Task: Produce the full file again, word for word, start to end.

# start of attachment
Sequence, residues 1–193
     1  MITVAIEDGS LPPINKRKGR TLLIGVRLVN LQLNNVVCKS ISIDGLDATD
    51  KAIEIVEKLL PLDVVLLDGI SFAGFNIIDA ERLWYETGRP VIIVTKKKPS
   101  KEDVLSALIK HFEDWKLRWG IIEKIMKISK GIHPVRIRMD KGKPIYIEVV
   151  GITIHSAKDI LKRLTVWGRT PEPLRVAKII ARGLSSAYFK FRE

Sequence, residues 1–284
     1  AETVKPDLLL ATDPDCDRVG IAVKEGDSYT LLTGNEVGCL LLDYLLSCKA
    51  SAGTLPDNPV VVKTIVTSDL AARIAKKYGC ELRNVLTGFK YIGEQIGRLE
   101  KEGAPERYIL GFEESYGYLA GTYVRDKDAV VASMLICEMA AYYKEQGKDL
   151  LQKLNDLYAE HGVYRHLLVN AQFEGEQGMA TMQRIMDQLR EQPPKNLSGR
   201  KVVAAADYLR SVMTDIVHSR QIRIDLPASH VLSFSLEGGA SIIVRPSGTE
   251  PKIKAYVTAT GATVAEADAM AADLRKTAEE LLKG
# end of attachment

Sequence, residues 1–193
     1  MITVAIEDGS LPPINKRKGR TLLIGVRLVN LQLNNVVCKS ISIDGLDATD
    51  KAIEIVEKLL PLDVVLLDGI SFAGFNIIDA ERLWYETGRP VIIVTKKKPS
   101  KEDVLSALIK HFEDWKLRWG IIEKIMKISK GIHPVRIRMD KGKPIYIEVV
   151  GITIHSAKDI LKRLTVWGRT PEPLRVAKII ARGLSSAYFK FRE

Sequence, residues 1–284
     1  AETVKPDLLL ATDPDCDRVG IAVKEGDSYT LLTGNEVGCL LLDYLLSCKA
    51  SAGTLPDNPV VVKTIVTSDL AARIAKKYGC ELRNVLTGFK YIGEQIGRLE
   101  KEGAPERYIL GFEESYGYLA GTYVRDKDAV VASMLICEMA AYYKEQGKDL
   151  LQKLNDLYAE HGVYRHLLVN AQFEGEQGMA TMQRIMDQLR EQPPKNLSGR
   201  KVVAAADYLR SVMTDIVHSR QIRIDLPASH VLSFSLEGGA SIIVRPSGTE
   251  PKIKAYVTAT GATVAEADAM AADLRKTAEE LLKG